Anti-Abortion Protesters Line Ventura Streets : Religion: About 3,000 people from 75 county churches form a 'Life Chain' on Victoria Avenue and Telephone Road as part of a nationwide action.


Carrying large white signs reading "Abortion Kills Children," about 3,000 anti-abortion protesters lined the streets of Ventura on Sunday afternoon as part of a nationwide protest.

Protesters from about 75 churches in Ventura County formed what they called a "Life Chain" in the shape of a cross about five miles long centered at the intersection of Victoria Avenue and Telephone Road.

Organizers said 31 "Life Chains" were being formed in cities statewide on Sunday and hundreds across the nation. They said the largest was in Torrance and neighboring cities where police estimated that between 10,000 and 15,000 protesters lined 13 miles of streets.

Ventura police had no estimate on the number of demonstrators who participated in Ventura. Each stood about six feet apart for 90 minutes Sunday afternoon and waved to drivers and passersby who either honked their horns in support or jeered and heckled them.

"Don't you guys have anything better to do?" yelled one driver as he passed a group standing on Telephone Road.

The comment startled 10-year-old Ryan Wilson, who had been bored and playing with the tape on his sign. Ryan, whose father is a pastor at First Baptist Church in Thousand Oaks, yelled back at the heckler, "No! We don't!"

His mother then mildly reprimanded him, saying, "We don't yell at people."

Clara Davis, one of the protest's organizers, said "This is a day for the silent majority in the Christian community to come out in a nice, peaceful, non-confrontational way."

A few counterdemonstrators carried signs and walked along the route in Torrance, attracting stares and boos. "They call this a life chain but what they want is to chain a woman to have a pregnancy she doesn't want," said Glenda McCarthy, a member of the National Organization for Women. She and other members of NOW said they attended the demonstration not to clash with anti-abortion demonstrators but to express an opposing view.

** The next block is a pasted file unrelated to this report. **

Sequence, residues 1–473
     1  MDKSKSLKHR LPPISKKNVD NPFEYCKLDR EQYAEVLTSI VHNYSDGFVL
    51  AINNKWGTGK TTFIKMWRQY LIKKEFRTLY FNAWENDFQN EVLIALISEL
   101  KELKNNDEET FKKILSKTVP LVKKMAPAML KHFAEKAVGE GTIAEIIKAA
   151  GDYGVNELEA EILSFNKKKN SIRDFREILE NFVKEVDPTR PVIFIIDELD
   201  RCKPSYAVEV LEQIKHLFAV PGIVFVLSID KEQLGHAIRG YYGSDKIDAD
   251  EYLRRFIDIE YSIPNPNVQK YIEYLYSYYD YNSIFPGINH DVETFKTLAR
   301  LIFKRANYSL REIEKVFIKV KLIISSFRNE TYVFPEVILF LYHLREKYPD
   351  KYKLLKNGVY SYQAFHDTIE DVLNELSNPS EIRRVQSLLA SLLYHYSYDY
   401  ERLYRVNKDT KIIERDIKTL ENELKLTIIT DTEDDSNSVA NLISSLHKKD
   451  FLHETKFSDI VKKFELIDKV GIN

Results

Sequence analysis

According to Ventura police who fielded some complaints from local residents, none of the demonstrators were yelling or disturbing the peace.

"People were complaining that they were loitering in front of their residences, but when the officers contacted them, they moved right along," said Desk Officer J. Schafer. "Basically the only complaints we're getting is that they're there."

Chris Loza, assistant manager of a boating supply store on Main Street, said he was a little worried that the protesters would drive away customers and called police to make sure that they were allowed to be there.

"We have customers who are on both sides of the issue, and we didn't want people to think we had any part of it," Loza said.

Although organizers estimated 3,000 people joined the event in Ventura, police said they do not do head counts and had no way of determing the number of people on the sidewalks. "We got calls from residents saying anywhere from a dozen to 200," Schafer said.

On Saturday night, about 200 people attended an anti-abortion rally at Ventura Missionary Church to prepare for the Sunday event. "I came because I wanted to get in touch with everybody in the pro-life community. It's kind of nice to meet people who feel the same as you do," said Rhonda Betzold, a 23-year-old counselor at Crisis Pregnancy Center.

"I know that we're not going to change people's minds standing on a street corner with a sign," said Pam Snodgrass, 39, who lives in the Antelope Valley. "But if it makes a difference to one person, it's worth it."

Snodgrass' 10-year-old son, Matt, like many children at the event, managed to find something else to do while standing on the sidewalk. He was able to clutch his sign and play a miniature pinball game at the same time.

"Yeah, I'd rather be at the beach," Matt said, "but I have to let people know how I feel. But I should have brought a chair."

Bill Daniels, 39, of Moorpark said many parents brought their children along to instill their values in them while they are young. "My little boy doesn't know why he's here," Daniels said, pointing at his 3-year-old son, Christopher, who was carrying a sign nearly as big as he was.

Times staff writer Hugo Martin contributed to this article.

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